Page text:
* A few days ago, I told subscribers about the possibility that the Senate Democrats might hold a vote on the three smaller pension bills that passed the House back in March, rather than pass the bigger Madigan bill, SB!. Those three bills are now starting to move…
Thursday is shaping up as a pivotal day in the Senate on pensions, with Cullerton saying he intends to survey his 40-member caucus on Senate Bill 1 and other pension-reform options
One of those options may involve three obscure bills that the House passed in March and that quietly began moving in the state Senate Tuesday evening.
Legislation to hike the retirement age for employees under 45, cap “pensionable” salaries at Social Security wages and delay when retirees can get compounding, annual cost-of-living increases was discharged from the Senate Assignments Committee.
The House passed all three bills in March in a series of test votes on pensions to gauge support for a comprehensive pension-reform package. The three bills contain key pieces of what eventually got put into Senate Bill 1, which has faced a flurry of intense union opposition.
“All legislative options for a comprehensive plan are being considered,” Cullerton spokeswoman Rikeesha Phelon told the Chicago Sun-Times Wednesday.
Expect a vote on SB1 as well, but Cullerton expects that one to die.
* Meanwhile, I told subscribers a little bit about this earlier today. Sun-Times…
A House-passed plan that Speaker Michael Madigan has endorsed to fix Illinois’ nearly $100 billion crisis contains a flaw that could amount to a legislative stake-in-the-heart in the state Senate, the top Senate Democrat said Wednesday.
Senate President John Cullerton (D-Chicago) said the legislation contains a provision that eventually could leave retired suburban and downstate teachers with less in benefits than they are legally entitled to if they qualified for Social Security benefits, potentially forcing teachers and the school districts that employ them to begin paying into Social Security.
* The We Are One report relies on the Teachers Retirement System’s actuarial analysis. From the union report…
Quotes from the TRS actuarial analysis and explanation follow:
“The Tier 1 employer normal cost is now negative.”
• During her media availability, Rep. Elaine Nekritz characterized this as a good development for school districts, saying “[t]here would be no shift” if a TRS cost-shift bill passed.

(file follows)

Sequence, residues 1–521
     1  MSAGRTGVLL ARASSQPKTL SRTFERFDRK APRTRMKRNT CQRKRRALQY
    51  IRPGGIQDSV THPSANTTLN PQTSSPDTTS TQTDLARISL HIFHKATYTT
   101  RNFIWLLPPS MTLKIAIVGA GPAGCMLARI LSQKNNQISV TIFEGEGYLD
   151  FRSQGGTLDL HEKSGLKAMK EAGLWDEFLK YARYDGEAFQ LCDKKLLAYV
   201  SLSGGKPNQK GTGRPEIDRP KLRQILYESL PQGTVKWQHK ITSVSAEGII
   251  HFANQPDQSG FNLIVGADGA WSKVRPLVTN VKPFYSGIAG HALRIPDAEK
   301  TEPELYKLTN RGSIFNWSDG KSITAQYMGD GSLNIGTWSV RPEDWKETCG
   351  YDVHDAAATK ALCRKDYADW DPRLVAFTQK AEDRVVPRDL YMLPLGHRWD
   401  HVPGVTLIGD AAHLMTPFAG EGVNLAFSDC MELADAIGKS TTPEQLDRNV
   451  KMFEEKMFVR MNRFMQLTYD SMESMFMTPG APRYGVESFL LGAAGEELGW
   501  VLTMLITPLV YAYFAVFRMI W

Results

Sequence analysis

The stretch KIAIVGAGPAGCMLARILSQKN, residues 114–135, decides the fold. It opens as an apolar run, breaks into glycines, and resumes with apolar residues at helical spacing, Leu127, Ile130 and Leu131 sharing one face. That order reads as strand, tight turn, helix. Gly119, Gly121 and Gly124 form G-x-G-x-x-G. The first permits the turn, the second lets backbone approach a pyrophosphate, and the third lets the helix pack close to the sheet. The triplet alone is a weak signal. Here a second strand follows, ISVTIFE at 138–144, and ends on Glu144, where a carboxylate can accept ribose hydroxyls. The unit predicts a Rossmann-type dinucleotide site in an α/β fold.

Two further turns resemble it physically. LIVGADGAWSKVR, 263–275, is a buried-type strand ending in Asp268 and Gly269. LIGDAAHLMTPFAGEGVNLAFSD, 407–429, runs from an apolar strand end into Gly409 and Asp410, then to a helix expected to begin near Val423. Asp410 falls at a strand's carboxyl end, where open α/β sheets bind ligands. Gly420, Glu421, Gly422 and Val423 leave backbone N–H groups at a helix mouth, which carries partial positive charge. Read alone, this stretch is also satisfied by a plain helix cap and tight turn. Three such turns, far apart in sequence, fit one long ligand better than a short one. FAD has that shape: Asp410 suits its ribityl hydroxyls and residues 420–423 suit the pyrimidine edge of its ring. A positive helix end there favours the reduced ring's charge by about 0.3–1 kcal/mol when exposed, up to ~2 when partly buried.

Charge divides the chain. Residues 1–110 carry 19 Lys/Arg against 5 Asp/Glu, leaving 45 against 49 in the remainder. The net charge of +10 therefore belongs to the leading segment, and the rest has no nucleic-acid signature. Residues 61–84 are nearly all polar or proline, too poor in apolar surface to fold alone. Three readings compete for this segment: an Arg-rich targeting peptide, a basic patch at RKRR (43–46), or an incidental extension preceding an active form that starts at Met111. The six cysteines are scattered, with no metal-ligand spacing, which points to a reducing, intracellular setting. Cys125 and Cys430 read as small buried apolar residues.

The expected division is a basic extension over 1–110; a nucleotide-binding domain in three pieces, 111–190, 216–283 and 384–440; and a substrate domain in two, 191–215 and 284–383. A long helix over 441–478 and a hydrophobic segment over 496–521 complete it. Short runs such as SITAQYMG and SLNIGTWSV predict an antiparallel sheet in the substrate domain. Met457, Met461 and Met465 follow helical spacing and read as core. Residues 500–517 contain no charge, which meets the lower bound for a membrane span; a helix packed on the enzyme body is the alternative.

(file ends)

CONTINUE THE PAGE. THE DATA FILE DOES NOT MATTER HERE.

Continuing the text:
• This fails to recognize that TRS pensions would no longer qualify for a Social Security exemption. Far from paying nothing, under a TRS cost-shift, school districts would ultimately be on the hook to pay the employer’s portion (6.2%) of Social Security benefits.
• Once school districts are required to pay Social Security taxes, this will almost certainly necessitate massive property tax increases across the state.
• SB 1 would be the largest unfunded mandate imposed on school districts in history.
“The current proposal…creates a Social Security compliance issue for Tier 1 in addition to the existing issues for Tier 2.”
• SB 1 creates the same problem in Tier 1 as exists in Tier 2 – an inadequate pension benefit structure.
• Again, if SB 1 becomes law, school districts would eventually begin paying Social Security taxes because TRS pension benefits are too low to qualify for a Social Security exemption.
• It is likely that the same problems for TRS will also affect SURS.
“SB 1 provisions result in Tier 1 and Tier 2 members paying for more than the cost of their benefits.”
• The SB 1 pension cuts are so absurdly deep that workers would actually be paying more than what their pension benefit is worth.
• This is more than just completely unfair. It is immoral and illogical. SB 1 creates a pension system that actually penalizes its members. The bill slashes pensions so aggressively that employees would face a monetary loss by being part of the pension system.
• The bill goes to extremes to hurt working, middle-class families.
* Senators expected to discuss pension plans
* Pension Solution Continues To Elude Legislators